A few weeks ago when I was knee deep in self-pity and worry, I was in the office writing and researching some fun old CANCER stuff when B wandered in. He had been watching a show with Kate, but since he has the attention span of a gnat, he decided to come and see what I was up to. I was up to CODE RED emotional state, nearing tears or a nervous breakdown. When I didn’t pay him enough attention, B sidled up next to me in a quick snuggle fake-out and then with a mighty ‘WHACK!’ he slammed his hand down on the computer, effectively erasing everything I had just written. I let out a mighty sound. I’m not sure what exactly how to put this sound in words. Part primal shriek, part groan, part exasperation and part anger. I put my head on the desk in my hands and squeezed my eyes shut and pretty much started to hyperventilate.

Beckett of course hit the ground sobbing. I was too wrapped up in my own emotions to comfort him. Because, you know, thin line. I kept my head down on the desk and tried to keep from lashing out, because I knew it wasn’t really what B did that I was angry about. Without lifting my head I told him, very sternly, “You need to leave. Now.” He literally crawled out of the room and I couldn’t raise up out of my emotions enough to care.

Not my finest moment.

My head was still on the desk when I heard some shuffling at the office door. I raised my head, ready to let loose with my anger. Make myself somehow feel better by making him, a poor, tiny toddler, feel worse. I just had so much inside me and he was the tipping point.

But when I looked up, it was Kate in the door. With a slightly terrified expression on her face. The look on her face struck me, and I lost my anger immediately. It drained away as quickly as it had come and all that was left was sadness, shame and that hollow feeling that sits in your stomach when you know you’ve done something you can’t take back.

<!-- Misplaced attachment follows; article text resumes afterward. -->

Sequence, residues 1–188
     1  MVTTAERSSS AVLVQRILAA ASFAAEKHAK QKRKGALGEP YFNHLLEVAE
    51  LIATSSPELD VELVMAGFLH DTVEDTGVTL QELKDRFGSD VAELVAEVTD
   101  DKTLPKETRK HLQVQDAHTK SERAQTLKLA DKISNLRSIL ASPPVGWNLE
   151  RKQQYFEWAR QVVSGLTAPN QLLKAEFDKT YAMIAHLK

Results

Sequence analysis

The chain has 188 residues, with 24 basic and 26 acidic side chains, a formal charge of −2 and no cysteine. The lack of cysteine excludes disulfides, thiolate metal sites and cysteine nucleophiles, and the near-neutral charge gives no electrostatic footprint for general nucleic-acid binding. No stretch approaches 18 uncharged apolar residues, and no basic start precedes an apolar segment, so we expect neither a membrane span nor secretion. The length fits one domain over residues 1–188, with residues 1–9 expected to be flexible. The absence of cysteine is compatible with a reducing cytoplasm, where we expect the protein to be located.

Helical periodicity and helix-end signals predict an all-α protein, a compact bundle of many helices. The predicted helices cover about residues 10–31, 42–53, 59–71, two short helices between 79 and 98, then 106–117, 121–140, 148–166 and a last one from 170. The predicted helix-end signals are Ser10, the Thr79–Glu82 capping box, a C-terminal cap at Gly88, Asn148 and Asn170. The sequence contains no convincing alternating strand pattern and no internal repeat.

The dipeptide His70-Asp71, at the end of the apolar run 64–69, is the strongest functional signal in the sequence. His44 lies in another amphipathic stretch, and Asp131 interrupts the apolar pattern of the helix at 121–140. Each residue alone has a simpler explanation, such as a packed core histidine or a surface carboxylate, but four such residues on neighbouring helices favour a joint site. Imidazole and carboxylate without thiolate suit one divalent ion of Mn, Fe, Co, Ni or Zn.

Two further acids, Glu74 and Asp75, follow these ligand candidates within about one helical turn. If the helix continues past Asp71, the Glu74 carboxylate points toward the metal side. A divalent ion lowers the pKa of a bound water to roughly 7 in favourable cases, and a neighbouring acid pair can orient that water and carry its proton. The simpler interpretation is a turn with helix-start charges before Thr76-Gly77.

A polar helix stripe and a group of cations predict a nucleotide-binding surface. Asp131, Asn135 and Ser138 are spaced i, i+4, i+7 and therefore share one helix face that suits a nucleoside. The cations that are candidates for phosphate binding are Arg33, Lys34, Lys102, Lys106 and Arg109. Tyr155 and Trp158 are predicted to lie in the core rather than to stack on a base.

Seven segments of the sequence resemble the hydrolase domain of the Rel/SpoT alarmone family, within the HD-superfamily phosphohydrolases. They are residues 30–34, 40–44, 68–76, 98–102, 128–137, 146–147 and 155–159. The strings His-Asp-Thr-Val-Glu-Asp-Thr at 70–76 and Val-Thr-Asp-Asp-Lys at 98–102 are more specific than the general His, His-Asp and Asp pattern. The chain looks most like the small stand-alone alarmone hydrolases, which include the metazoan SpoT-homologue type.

Kate stared at me for a second and then said to me, “Um, Mom? I don’t like it when you scream at me, and I don’t think you should scream at Beckett either. I tried to wipe all his tears and snot off, and I got him to stop crying. You should probably say sorry.”

Wow. My first thought was to quibble a bit, because her words put me in such an ugly light. I mean, I didn’t SCREAM per say. I mean, lets call a spade a spade. It was more a reaction than a scream. I mean, sometimes I YELL. Maybe that was a YELL?

No. Lets call a spade a spade. I screamed. I took my anger, fear and sadness and balled it up into a tight wad of emotion and threw it at my two-year old. And it hurt him. As much as if it were a physical thing. And my daughter. My little warrior. She cared for him. She helped him. And then SHE CAME TO ME and stood up for her brother. Even though she was afraid I was going to… SCREAM… at her next.

Oh my heart.

A friend of mine who has been faced with an unexpected and terrible loss recently, wrote to me with these wise words. “What I have learned (the hard way this last year) is the constant challenge of trying to be present and emotionally available when you are so emotionally raw and stripped. It’s such a backwards situation. How is any human supposed to deal with very real adult emotionally heavy and suffocating concerns and still have the emotional fortitude to crawl on the floor with your littles, parent with patience and not be a blubbering mess.”

I could not have put it into better words. What it feels like to have such a heavy weight of pain and sadness within while you try to parent. Her advice to handling this was to be honest. Instead of trying to hold it all in where the only option is to lash out when it all becomes to much, she let her children see her heart. Her hurt. Her sadness. And it seems to me, that has to be the way. Because I would rather my children grow up knowing and understanding emotions and how to deal with them in a healthy manner, than seeing mommy fall off that thin line, causing damage to their little hearts and sweet souls in the process.